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High Levels of Radon Found in Some Wells Across Pennsylvania

A new U.S. Geological Survey study has discovered high levels of radon in wells across certain areas of Pennsylvania.

The study, which was conducted in cooperation with the Pennsylvania Departments of Health and Environmental Protection, examined 1,041 well samples and found that 14 percent had radon levels at or above the Environmental Protection Agency’s proposed alternative maximum contaminant level of 4,000 picocuries per liter. While the EPA does not currently regulate radon in drinking water, it has proposed this alternative limit for public water supplies in states like Pennsylvania, which has an EPA-approved radon indoor air quality program. For states without an approved program, the EPA has proposed a lower, more protective, maximum contaminant level of 300 picocuries per liter.

The silent killer: How to protect your home against radon gas

Unbeknownst to millions of families, the leading cause of lung cancer among non-smokers could be lurking inside their homes.

Exposure to radon, a naturally-occurring radioactive gas, claims an estimated 24,000 lives annually, according to the National Academy of Sciences (NAS).

Many victims have never smoked a cigarette, according to the American Lung Association.

Radon, a Class-A carcinogen, is the second-leading lung cancer threat overall, according to the Environmental Protection Agency (EPA).

The odorless, tasteless and colorless gas can be found anywhere and can go undetected inside homes for years.

The Environmental Protection Agency (EPA) reports that one in 15 homes will test at or above the EPA’s action level of four picocuries per liter (pCi/L).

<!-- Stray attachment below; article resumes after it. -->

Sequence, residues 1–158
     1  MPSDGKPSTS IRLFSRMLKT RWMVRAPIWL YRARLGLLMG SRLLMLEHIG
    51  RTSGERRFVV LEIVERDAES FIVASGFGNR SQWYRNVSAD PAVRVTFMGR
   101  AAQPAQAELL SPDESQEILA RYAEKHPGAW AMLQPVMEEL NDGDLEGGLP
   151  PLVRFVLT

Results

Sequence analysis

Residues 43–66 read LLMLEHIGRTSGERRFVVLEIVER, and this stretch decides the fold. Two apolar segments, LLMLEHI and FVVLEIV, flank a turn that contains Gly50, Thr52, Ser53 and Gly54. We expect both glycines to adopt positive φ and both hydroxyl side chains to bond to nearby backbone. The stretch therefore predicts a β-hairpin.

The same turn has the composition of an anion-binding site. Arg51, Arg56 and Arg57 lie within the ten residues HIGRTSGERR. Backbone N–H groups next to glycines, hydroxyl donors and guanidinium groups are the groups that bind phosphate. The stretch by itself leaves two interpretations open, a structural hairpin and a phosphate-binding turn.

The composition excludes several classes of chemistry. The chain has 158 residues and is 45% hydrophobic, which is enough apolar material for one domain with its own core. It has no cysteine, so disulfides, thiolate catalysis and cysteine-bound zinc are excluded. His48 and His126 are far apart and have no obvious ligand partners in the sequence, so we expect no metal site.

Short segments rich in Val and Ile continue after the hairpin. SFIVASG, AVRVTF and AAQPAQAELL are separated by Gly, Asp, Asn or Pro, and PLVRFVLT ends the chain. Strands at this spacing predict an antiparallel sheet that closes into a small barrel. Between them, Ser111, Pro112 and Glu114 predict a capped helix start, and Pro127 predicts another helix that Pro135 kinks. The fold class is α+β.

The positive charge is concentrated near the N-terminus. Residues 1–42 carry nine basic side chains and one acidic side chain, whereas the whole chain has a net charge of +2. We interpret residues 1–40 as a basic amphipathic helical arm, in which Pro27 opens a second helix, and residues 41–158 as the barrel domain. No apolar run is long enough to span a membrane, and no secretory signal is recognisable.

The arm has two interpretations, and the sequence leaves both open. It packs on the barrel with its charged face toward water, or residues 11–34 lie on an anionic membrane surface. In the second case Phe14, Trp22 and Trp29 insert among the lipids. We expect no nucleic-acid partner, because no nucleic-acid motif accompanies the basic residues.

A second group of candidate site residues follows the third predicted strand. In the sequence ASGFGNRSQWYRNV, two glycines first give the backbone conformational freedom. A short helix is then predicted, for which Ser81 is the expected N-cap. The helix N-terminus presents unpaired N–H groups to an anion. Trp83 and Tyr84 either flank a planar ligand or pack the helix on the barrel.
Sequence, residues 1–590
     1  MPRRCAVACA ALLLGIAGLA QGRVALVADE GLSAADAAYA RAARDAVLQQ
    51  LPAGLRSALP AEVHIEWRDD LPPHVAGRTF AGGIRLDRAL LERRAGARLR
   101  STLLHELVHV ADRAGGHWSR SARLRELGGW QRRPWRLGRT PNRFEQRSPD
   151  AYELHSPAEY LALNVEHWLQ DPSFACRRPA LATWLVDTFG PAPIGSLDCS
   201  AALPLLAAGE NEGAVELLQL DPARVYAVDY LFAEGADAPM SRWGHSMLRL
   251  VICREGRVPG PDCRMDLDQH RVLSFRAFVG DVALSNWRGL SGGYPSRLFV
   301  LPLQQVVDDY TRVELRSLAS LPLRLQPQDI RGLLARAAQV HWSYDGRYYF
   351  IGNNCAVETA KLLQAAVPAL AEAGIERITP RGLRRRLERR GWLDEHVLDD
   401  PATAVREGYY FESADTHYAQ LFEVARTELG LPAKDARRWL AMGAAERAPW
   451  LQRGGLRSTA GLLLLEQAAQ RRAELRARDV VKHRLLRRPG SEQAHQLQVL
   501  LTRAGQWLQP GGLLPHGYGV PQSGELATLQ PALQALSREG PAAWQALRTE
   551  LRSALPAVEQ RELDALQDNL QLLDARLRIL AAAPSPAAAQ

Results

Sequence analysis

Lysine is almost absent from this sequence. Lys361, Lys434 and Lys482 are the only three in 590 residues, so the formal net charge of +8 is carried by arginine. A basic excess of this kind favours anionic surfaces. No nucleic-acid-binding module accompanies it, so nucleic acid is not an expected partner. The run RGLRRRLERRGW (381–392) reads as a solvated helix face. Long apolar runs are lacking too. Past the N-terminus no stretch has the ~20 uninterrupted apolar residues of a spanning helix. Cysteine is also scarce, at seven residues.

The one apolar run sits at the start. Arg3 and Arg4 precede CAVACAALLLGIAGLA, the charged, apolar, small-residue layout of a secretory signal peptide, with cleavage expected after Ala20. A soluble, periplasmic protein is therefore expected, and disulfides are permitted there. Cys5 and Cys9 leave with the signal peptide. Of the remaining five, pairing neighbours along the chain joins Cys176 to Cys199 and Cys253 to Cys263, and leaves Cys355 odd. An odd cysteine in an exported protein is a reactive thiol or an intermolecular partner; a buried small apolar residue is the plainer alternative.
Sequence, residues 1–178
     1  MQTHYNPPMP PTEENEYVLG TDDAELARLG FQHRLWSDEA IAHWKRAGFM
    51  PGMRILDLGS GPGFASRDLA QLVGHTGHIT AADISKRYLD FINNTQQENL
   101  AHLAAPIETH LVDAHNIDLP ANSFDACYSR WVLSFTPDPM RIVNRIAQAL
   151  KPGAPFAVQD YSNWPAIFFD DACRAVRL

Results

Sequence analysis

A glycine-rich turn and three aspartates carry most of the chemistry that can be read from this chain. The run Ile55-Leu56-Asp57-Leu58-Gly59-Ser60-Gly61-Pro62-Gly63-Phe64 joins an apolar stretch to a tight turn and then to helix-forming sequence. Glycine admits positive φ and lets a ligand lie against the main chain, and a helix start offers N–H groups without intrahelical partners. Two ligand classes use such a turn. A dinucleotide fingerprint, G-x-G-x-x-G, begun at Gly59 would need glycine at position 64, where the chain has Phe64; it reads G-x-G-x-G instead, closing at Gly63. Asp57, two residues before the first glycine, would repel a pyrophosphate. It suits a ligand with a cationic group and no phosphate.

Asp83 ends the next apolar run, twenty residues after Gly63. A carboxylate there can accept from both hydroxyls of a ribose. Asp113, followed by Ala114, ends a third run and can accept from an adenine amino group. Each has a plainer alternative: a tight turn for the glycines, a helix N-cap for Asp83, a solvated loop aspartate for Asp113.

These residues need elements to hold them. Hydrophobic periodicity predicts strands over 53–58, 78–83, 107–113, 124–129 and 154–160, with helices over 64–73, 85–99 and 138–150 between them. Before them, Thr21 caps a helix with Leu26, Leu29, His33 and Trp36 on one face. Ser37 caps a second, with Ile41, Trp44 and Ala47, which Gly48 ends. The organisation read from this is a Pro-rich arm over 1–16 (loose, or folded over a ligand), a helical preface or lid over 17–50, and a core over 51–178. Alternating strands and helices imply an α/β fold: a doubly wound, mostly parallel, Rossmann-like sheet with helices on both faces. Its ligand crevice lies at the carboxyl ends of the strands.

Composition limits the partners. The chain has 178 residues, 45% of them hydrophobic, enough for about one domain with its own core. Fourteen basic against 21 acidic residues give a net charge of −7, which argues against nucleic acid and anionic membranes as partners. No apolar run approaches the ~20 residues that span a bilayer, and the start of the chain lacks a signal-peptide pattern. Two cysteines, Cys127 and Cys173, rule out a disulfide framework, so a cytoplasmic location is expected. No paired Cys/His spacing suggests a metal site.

A picocurie is a measure of the rate of radon’s radioactive decay.

USGS Confirms the Presence of Potentially Harmful Levels of Radon in New England Groundwater

EMSL Analytical offers radon test kits and analysis to protect people from this second leading cause of lung cancer.

Cinnaminson, NJ, July 5th, 2012

Last month, the U.S. Geological Survey (USGS) announced that a new study has identified potentially harmful levels of naturally occurring arsenic, uranium, radium, radon and manganese in some bedrock groundwater that supplies drinking water wells in New England.

According to the USGS news release on the study, “The results highlight the importance of private well owners testing and potentially treating their water. While public water supplies are treated to ensure that water reaching the tap of households meets federal requirements, there are no such requirements for private supplies, which serve more than 2.3 million people in the region.”